Aside from a moral argument, I don't think there's a legitimate basis for keeping him out. As long as the Dolphins agree, there's nothing currently in the CFL regs that would stop the Argos from signing him.
TORONTO -- Ricky Williams may have to take a drug test if the running back wants to play for the Toronto Argonauts of the Canadian Football League.
The NFL suspended Williams for a year last month for his fourth violation of the league's substance abuse policy. Since the suspension, Williams' agent Leigh Steinberg has indicated that the 1998 Heisman winner is seriously interested in playing in the CFL.
Williams will continue to participate in the NFL's substance-abuse program, meaning he is subject to up to 10 random tests a month and must remain under the supervision of a medical adviser.
The CFL has no formal drug testing policy, but Toronto president Keith Pelley said the team could conduct its own tests if the Miami Dolphins allow Williams to play for the Argonauts.
"It's something that we've talked about internally. ... Certainly, it would be an area that we would at least discuss," Pelley said during a conference call.
Pelley cautioned that the team isn't yet discussing drug testing and other contract demands with the 28-year-old Williams because he still needs permission from the Dolphins to speak directly with Argos officials.
Pelley said he expected to hear soon -- possibly by the end of the week -- on whether permission will be granted. He said the Dolphins are debating whether they would benefit if Williams kept playing while he sits out the 2006 NFL season, or whether the injury risk is too high.
Pelley said both Williams and Steinberg "thoroughly understand and appreciate" their requirement that Williams not only stay clean, but also promote a drug-free lifestyle to Toronto youth. The team has made conscious efforts in recent years to highlight their players as community role models, Pelley said.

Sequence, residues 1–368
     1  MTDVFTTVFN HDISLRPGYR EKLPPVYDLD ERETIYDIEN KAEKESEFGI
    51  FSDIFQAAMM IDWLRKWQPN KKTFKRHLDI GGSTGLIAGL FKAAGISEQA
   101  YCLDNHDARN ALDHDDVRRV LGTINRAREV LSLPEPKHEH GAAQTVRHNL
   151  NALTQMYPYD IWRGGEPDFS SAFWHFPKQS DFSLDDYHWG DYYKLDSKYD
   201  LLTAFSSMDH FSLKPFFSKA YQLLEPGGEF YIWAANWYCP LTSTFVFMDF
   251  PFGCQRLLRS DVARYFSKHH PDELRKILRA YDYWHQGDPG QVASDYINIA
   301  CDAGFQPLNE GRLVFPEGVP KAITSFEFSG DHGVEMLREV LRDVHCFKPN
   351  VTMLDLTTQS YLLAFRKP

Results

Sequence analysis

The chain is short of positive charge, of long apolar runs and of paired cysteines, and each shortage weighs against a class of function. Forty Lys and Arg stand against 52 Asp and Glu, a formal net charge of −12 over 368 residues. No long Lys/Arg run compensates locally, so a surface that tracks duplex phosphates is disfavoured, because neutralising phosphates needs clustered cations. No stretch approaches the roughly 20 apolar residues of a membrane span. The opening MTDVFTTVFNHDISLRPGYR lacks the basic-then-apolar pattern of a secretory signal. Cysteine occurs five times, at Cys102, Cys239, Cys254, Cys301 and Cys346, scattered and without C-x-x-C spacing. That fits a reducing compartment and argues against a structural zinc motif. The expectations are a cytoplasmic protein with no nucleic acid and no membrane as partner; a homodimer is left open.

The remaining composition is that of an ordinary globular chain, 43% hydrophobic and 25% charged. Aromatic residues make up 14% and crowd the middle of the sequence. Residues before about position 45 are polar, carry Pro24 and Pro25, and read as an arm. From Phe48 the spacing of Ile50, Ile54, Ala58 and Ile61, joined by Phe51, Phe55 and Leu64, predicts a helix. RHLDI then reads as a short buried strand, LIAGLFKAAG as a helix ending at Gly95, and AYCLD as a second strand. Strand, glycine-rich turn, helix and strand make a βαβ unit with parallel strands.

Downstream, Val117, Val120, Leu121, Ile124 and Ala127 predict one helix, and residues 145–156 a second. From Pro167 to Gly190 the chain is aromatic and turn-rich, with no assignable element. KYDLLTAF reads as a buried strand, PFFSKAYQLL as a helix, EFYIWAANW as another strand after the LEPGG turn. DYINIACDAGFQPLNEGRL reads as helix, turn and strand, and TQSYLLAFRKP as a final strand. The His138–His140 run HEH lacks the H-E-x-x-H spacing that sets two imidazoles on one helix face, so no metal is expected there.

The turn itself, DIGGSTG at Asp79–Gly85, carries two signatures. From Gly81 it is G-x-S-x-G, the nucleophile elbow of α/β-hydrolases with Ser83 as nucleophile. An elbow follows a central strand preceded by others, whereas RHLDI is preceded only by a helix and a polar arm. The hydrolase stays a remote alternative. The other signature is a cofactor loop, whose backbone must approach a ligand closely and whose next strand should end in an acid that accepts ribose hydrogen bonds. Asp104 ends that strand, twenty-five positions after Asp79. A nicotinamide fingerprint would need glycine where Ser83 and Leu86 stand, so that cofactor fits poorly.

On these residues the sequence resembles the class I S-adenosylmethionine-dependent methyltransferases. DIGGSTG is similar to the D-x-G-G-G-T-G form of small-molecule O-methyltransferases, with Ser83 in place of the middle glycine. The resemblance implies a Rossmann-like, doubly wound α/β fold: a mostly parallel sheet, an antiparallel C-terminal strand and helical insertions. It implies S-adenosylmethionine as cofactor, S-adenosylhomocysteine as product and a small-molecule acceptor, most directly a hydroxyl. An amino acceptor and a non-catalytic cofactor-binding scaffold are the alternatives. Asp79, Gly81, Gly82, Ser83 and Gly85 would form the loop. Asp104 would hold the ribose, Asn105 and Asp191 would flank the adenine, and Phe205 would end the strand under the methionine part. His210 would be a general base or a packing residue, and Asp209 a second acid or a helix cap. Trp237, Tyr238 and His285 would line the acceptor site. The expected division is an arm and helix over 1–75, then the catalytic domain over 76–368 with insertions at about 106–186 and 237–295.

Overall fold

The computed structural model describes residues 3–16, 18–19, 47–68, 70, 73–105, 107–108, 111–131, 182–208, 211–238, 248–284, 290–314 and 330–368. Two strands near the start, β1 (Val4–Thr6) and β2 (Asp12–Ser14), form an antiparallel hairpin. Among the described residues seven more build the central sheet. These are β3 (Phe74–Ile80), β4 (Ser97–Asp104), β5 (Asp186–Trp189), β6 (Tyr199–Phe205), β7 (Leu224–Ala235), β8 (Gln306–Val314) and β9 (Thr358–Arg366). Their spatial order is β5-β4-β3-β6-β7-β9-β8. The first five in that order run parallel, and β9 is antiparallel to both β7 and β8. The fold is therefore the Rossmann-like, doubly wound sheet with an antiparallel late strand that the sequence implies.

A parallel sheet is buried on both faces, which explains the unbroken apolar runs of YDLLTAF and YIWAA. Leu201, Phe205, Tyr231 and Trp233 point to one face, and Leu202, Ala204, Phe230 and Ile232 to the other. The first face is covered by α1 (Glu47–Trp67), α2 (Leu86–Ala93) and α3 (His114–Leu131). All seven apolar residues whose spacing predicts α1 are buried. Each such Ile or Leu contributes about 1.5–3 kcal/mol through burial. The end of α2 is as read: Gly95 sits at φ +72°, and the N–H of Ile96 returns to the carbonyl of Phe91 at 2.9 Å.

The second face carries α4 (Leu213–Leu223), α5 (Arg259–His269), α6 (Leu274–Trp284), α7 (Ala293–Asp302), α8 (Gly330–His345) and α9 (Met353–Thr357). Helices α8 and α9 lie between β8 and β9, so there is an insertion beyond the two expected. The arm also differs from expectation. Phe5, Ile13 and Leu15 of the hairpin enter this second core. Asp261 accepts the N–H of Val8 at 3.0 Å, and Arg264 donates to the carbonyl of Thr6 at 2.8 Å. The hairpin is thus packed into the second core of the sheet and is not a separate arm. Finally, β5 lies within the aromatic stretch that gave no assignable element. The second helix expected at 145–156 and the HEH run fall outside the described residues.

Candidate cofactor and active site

"It is absolutely crucial that before we would proceed with Ricky Williams that he is prepared to be absolutely clean and more importantly, educate the youth of Toronto to say no to drugs," Pelley said. "If he's not prepared to do that, we would not sign him, even if he was prepared to play for free."
There's no splitting hairs at all. He's suspended in the NFL, not the CFL -- and his suspension in the NFL was as a result of something on which the CFL's policy differs.
As for what the CFL wants, I think they'd ultimately want whatever will sell some tickets in Toronto.
It comes down to a moral argument, not a factual one. Even on a moral basis, I think the CFL's ship sailed years ago -- Bernard Williams and RJ Soward are already on the Argos roster, and they both have prior NFL substance abuse problems. Let's not even start on Andre Rison.
The CFL morals ship takes another hit as Onterrio Smith is signed by the Blue Bombers. He of the two time substance abuse offender in the NFL, and also the man famously busted with the "whizzinator" prosthetic penis at a US airport.